Blurring of the lines between payer and provider in a rapidly changing healthcare environment

by George Mathew MD, Rikin Patel and Paul Thompson

Recent headlines have been full of news about major healthcare mergers and acquisitions, often involving newcomers to the industry, but also creating a convergence of traditional payer, provider and pharmaceutical benefit management companies.

Here are some of the latest examples in the changing healthcare scene:

CVS Health, a large pharmaceutical benefit manager, is purchasing Aetna, a large insurer, while Cigna, another large insurer, is acquiring Express Scripts, another pharmaceutical benefit manager.

Meanwhile, tech giants Amazon and Apple took some giant steps into the healthcare fray. Amazon entered into a joint venture with Berkshire Hathaway and J.P. Morgan Chase in an effort by all three to control employer costs, and Amazon also purchased PillPack, an online pharmacy company, and expects to expand services after obtaining state licenses. Apple showed its commitment to shake up the healthcare status quo by expanding its personal health record system, partnerships with hospitals and A.C. Wellness centers – all with a goal of gaining greater influence on healthcare consumption.

The convergence moves the industry away from the traditional separation of payers (health insurance companies and self-insured employers) and providers. Typically, payers are defined as the organizations that conduct actuarial analysis and manage financial risk by collecting premiums and managing payments for services delivered. Providers, meanwhile have typically been defined as healthcare practitioners and organizations that deliver and bill for services, including inpatient, outpatient, elective and emergent.

Those narrow definitions have been shaken up in the post-Affordable Care Act (ACA) world. In the past, the focus was on fee-for-service and capitated contracts under which HMOs or managed care organizations paid a fixed amount for its members to a provider. But the ACA moved the emphasis to value-based care, pushing more financial risk onto providers and away from payers. That means insurers and providers also need to consider how they manage pre-existing conditions and use risk scoring to determine the likely needs of their patients, as their approach can make the difference between profitable success and unprofitable failure.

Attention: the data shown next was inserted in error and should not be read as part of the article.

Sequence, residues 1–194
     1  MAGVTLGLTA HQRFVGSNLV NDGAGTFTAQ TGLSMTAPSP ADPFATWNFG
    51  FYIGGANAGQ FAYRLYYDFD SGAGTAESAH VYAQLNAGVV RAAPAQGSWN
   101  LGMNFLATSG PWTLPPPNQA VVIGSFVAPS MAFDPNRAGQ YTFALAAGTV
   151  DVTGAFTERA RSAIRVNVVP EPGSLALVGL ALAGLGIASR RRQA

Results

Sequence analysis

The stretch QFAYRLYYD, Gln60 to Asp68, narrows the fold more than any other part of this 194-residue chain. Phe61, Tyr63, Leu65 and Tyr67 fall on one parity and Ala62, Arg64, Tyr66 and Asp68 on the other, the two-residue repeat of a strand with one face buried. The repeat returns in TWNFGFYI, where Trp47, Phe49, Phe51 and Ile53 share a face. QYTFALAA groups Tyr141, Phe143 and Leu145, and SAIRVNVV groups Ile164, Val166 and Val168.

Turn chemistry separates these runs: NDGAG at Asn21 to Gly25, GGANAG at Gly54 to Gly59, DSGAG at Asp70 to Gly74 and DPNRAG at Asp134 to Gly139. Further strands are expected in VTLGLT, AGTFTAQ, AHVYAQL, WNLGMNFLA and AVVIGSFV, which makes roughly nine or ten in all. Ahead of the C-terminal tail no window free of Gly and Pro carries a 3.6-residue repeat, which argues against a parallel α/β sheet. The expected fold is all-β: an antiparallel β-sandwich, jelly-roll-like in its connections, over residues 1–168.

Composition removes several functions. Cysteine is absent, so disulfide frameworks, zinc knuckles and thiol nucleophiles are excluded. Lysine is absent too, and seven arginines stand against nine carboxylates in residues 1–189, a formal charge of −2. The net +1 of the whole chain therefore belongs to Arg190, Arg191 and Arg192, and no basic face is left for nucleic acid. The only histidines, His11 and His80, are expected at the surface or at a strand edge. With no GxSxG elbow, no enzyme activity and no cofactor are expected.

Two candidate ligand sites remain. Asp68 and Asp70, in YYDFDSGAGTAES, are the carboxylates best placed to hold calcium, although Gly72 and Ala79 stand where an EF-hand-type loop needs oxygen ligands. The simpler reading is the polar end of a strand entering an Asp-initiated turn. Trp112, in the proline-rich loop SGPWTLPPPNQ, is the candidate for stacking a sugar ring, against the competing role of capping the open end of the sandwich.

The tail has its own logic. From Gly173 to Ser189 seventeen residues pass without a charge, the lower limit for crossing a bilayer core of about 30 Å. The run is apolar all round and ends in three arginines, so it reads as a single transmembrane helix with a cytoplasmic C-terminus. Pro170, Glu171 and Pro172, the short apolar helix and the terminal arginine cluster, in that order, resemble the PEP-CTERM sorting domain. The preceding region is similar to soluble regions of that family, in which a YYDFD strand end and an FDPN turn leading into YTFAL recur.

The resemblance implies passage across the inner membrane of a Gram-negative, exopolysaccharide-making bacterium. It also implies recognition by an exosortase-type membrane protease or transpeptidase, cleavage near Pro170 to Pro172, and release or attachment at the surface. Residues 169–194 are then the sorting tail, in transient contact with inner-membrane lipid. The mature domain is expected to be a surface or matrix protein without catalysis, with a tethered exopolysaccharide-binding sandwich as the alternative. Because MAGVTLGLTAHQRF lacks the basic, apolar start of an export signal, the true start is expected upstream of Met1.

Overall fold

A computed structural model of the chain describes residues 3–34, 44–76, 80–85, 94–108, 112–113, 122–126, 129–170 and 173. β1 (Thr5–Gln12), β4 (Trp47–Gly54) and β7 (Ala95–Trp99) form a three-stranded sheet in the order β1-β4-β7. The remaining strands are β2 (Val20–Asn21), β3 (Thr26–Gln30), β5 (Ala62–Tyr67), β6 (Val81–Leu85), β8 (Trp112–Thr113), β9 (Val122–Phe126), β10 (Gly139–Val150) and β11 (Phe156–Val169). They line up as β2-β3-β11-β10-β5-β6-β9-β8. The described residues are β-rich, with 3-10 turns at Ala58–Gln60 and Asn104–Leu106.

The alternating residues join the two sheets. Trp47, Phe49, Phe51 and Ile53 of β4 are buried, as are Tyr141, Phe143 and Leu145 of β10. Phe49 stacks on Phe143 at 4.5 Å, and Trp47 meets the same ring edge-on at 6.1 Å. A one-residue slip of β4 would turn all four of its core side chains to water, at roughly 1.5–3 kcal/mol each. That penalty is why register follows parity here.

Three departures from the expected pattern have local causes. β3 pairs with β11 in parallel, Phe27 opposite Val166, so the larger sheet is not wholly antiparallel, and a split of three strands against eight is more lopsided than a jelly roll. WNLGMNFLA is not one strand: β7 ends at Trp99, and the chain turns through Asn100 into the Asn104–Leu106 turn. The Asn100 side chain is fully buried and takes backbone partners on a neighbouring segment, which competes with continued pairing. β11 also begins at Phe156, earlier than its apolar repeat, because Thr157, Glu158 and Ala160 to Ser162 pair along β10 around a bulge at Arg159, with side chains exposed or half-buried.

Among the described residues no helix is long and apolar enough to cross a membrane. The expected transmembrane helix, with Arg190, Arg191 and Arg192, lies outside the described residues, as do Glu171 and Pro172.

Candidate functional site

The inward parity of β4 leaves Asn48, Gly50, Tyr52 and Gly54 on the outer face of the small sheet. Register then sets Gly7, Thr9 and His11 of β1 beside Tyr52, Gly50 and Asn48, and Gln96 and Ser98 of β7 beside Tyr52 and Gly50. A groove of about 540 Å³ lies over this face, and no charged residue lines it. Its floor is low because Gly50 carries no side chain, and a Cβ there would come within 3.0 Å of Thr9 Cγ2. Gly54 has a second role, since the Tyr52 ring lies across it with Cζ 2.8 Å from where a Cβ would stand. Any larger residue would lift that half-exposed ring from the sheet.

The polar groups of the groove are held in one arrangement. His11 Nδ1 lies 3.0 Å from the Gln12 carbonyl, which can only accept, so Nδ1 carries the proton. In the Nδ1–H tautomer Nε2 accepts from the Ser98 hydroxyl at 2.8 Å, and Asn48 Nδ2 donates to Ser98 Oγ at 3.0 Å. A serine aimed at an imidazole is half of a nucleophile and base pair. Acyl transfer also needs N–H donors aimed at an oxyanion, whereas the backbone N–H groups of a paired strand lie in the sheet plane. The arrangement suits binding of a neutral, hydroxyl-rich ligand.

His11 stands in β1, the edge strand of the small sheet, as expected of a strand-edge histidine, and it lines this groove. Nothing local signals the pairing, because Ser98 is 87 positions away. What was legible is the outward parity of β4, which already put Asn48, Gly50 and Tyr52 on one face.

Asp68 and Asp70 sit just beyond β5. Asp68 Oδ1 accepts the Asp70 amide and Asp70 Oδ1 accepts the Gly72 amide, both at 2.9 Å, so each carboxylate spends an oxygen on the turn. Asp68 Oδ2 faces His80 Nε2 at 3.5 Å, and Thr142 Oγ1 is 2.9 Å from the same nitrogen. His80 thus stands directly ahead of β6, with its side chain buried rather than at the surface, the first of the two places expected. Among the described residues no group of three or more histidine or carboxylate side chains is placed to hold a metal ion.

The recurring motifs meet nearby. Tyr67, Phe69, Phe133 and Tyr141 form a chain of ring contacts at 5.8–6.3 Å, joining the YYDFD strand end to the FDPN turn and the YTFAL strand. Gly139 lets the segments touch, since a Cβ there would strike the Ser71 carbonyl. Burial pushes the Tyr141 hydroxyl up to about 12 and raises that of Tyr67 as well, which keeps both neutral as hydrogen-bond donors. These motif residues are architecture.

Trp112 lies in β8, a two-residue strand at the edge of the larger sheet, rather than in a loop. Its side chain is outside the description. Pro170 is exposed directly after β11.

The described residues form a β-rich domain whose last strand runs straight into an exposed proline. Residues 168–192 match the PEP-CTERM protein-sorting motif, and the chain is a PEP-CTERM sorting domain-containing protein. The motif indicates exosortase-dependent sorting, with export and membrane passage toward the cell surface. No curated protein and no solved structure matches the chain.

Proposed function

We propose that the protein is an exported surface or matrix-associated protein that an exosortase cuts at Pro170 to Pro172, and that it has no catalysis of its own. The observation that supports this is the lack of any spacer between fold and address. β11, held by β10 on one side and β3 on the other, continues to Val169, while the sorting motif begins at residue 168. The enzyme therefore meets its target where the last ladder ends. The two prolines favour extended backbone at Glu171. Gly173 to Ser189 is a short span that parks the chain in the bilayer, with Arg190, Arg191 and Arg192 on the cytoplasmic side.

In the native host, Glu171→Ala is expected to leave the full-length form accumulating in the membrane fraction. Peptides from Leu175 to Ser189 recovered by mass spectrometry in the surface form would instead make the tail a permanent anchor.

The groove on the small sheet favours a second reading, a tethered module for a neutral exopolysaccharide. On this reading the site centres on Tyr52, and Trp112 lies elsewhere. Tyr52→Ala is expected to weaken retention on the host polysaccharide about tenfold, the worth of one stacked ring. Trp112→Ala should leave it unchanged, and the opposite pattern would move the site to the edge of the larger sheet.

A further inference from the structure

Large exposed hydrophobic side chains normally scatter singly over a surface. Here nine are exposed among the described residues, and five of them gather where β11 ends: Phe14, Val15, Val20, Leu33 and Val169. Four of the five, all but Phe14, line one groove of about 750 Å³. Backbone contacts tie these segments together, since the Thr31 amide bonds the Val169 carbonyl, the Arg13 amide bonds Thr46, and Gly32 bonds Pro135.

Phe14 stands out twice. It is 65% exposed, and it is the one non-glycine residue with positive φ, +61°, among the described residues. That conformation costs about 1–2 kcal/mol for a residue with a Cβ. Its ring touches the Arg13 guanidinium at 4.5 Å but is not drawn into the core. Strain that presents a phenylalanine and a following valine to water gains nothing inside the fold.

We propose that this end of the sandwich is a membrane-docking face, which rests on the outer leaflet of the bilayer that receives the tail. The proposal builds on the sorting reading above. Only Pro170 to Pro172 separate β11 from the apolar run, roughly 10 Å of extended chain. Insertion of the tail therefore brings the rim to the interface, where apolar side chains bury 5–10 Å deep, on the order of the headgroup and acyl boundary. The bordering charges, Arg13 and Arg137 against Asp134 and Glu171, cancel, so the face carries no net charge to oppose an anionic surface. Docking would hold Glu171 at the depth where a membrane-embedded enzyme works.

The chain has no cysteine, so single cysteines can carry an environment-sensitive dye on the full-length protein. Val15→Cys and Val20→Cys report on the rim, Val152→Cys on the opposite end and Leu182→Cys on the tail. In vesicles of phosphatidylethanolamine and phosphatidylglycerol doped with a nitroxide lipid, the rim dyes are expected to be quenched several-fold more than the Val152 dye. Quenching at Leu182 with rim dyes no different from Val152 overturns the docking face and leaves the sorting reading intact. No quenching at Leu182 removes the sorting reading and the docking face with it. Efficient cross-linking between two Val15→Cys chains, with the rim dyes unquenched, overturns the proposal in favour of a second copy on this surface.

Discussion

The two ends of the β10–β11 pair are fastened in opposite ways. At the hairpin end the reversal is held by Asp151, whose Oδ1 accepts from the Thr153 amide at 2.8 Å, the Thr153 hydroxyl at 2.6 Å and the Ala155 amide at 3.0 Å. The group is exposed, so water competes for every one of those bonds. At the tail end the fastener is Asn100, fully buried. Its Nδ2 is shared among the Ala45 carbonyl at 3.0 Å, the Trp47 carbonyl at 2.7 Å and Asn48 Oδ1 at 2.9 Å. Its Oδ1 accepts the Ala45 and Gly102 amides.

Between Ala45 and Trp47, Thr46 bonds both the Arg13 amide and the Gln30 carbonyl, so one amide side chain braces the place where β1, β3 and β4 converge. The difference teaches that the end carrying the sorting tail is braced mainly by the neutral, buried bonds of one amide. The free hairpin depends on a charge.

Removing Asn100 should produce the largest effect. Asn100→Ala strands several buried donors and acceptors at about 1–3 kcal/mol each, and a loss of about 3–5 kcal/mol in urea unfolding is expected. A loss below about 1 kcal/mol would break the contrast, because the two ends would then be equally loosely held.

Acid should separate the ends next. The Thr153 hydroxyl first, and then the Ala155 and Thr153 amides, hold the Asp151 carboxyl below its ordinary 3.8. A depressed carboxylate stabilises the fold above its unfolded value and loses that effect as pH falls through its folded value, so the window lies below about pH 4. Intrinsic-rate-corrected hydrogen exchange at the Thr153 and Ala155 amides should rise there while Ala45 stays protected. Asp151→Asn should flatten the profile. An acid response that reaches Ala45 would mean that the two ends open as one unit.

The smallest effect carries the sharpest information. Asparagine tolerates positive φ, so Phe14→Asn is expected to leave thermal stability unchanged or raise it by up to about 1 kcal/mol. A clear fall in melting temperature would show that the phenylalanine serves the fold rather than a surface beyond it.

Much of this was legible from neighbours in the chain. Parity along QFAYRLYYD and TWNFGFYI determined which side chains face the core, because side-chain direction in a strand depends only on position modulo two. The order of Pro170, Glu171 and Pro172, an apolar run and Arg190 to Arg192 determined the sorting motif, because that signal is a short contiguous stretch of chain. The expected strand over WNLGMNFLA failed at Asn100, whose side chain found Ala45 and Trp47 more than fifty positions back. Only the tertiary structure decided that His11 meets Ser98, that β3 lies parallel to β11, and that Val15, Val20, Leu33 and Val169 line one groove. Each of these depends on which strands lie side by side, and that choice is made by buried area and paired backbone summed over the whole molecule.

In this new and complex environment, mergers and acquisitions are seen as a way for both providers and payers to build up their capabilities and respond to the need to enhance patient care, improve population health and reduce costs.

For traditional healthcare incumbents, we believe this also means using a “secret” weapon non-traditional players already leverage: data analytics.

Better data and analytics life cycle management can yield the insights payers and providers need to balance their priorities and deliver value-based care.

How to balance risk and patient outcomes

But first, what do all of these changes entail, and how do they take providers and payers beyond their narrower definitions?

In the post-ACA world, providers are looking to take more financial risk as their actuarial capabilities improve. This would allow them to negotiate more effectively with payers to achieve care outcomes objectives while balancing reimbursement and risk.

Payers, meanwhile, are acquiring doctors’ offices and other providers, or combining with retail clinics and other points-of-care to combine care delivery with financial risk management. To accomplish these goals, payers need to take a more active role in managing the healthcare professionals that they employ as well as the patients who visit those practitioners. Having access to the care delivery setting also allows for greater accuracy.